PORTLAND, OR, Jul 01, 2014 -- US Representative Suzanne Bonamici yesterday joined USDA’s national Administrator for rural housing programs, Tony Hernandez, and USDA Rural Development State Director Vicki Walker to help rural Oregonians who are building their own homes through the self-help method in Lafayette.
"These homes will serve as stepping stones to greater economic prosperity for their residents," Congresswoman Bonamici said. "Americans need more opportunities for success, and the Self-Help Housing Program opens doors. The program will lead to more stable families and better communities, and will give the area a much-needed economic boost. I'm excited for these future homeowners and the benefit this program will have on their lives."
USDA Rural Development’s Self-Help Housing Program offers families with modest means a hands-on approach to achieve homeownership. The local sponsor, Community Home Builders, uses USDA technical assistance funds to develop a site, provide coordination and training, and secure the assistance of a professional contractor. Working side-by-side on nights and weekends, participating families perform roughly 65 percent of the construction, and no one moves in until all the houses are completed. USDA Rural Development then provides each qualifying participant with an affordable, 100-percent mortgage to cover the remaining balance.
Throughout June, USDA Rural Development has been highlighting National Homeownership Month with events across the Nation. USDA Rural Housing Service Administrator Tony Hernandez is capping off the month-long celebration today by visiting self-help housing efforts in both Lafayette, Oregon, and Castle Rock, Washington.
“Since the start of USDA’s single-family housing programs in 1949, USDA has helped nearly 3.4 million rural residents buy homes of their own,” Hernandez said. “Many are lower-income, first-time homebuyers who are earning a leg up into the middle class. Homeownership is a critical step on the ladder of opportunity: it helps build equity and increase assets. Simply put, homeownership means long-term financial stability and security for many rural families.”
The Obama Administration housing's policies are helping to strengthen rural communities and the overall rural economy. In 2013 alone, USDA helped more than 170,000 rural residents become homeowners, investing more than $23.4 billion in loans, grants and technical assistance to provide affordable, safe housing for rural families. In both people served and dollars, 2013 was the most successful year in the history of USDA single-family housing programs.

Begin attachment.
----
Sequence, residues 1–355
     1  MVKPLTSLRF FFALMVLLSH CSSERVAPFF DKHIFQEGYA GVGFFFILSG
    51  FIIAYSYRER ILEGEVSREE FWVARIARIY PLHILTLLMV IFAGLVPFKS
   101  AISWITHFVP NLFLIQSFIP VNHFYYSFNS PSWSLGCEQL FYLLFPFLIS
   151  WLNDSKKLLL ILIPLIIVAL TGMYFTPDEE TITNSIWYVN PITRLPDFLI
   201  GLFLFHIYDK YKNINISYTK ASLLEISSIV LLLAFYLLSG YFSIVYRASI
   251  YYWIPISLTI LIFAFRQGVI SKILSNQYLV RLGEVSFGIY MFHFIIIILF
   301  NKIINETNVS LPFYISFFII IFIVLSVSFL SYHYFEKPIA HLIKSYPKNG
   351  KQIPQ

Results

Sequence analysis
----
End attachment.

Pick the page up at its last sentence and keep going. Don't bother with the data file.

“Here in Oregon, since the start of the Obama Administration, USDA Rural Development has made or guaranteed loans for nearly 14,000 rural families,” Walker said.
In addition to the Self-Help Housing Program, USDA Rural Development offers the following homeownership programs:
· Direct home loans for very-low-income applicants. Payment assistance is provided that can lower the loan’s interest rate to as low as one percent.
· Guaranteed home loans for moderate-income families. The agency works in partnership with private-sector lenders to back the lenders’ loans.
· Home repair loans and grants to help rural homeowners make improvements or repairs. Examples include making homes accessible for people with disabilities or removing health and safety hazards like poor wiring or plumbing.
In 2012, as part of President Obama's ongoing efforts to help middle-class families, USDA launched a rural refinance pilot program in states hardest hit by the housing downturn. The program lets people with USDA direct or guaranteed home loans refinance in order to take advantage of lower interest rates and lower their monthly mortgage payments. In January 2013, 15 more states and the Commonwealth of Puerto Rico were added to the pilot.
USDA is making changes to the guaranteed home loan program to help create jobs, enable more people to participate, spur new home construction and inject more capital into rural areas. The changes will increase the availability of housing loans in underserved communities, such as those targeted by USDA's StrikeForce initiative to help alleviate rural poverty. The changes take effect on September 1, 2014, and include:
· Increased lender eligibility. Many small community banks and credit unions, which are currently ineligible, will be able to participate.
· Construction-to-permanent financing. Currently, only “take-out” financing is permitted once construction is complete. “Construction-to-perm” financing — also called “single close” financing — will provide funds when construction begins. This will encourage homebuilders, lenders and borrowers to build more new homes.
President Obama’s plan for rural America has brought about historic investment and resulted in stronger rural communities. Under the President’s leadership, these investments in housing, community facilities, businesses and infrastructure have empowered rural America to continue leading the way – strengthening America’s economy, small towns and rural communities. USDA’s investments in rural communities support the rural way of life that stands as the backbone of our American values. President Obama and Agriculture Secretary Vilsack are committed to a smarter use of federal resources to foster sustainable economic prosperity and ensure the government is a strong partner for businesses, entrepreneurs and working families in rural communities.
USDA is an equal opportunity provider and employer. To file a complaint of discrimination, write: USDA, Office of the Assistant Secretary for Civil Rights, Office of Adjudication, 1400 Independence Ave., SW, Washington, DC 20250-9410 or call (866) 632-9992 (Toll-free Customer Service), (800) 877-8339 (Local or Federal relay), (866) 377-8642 (Relay voice users)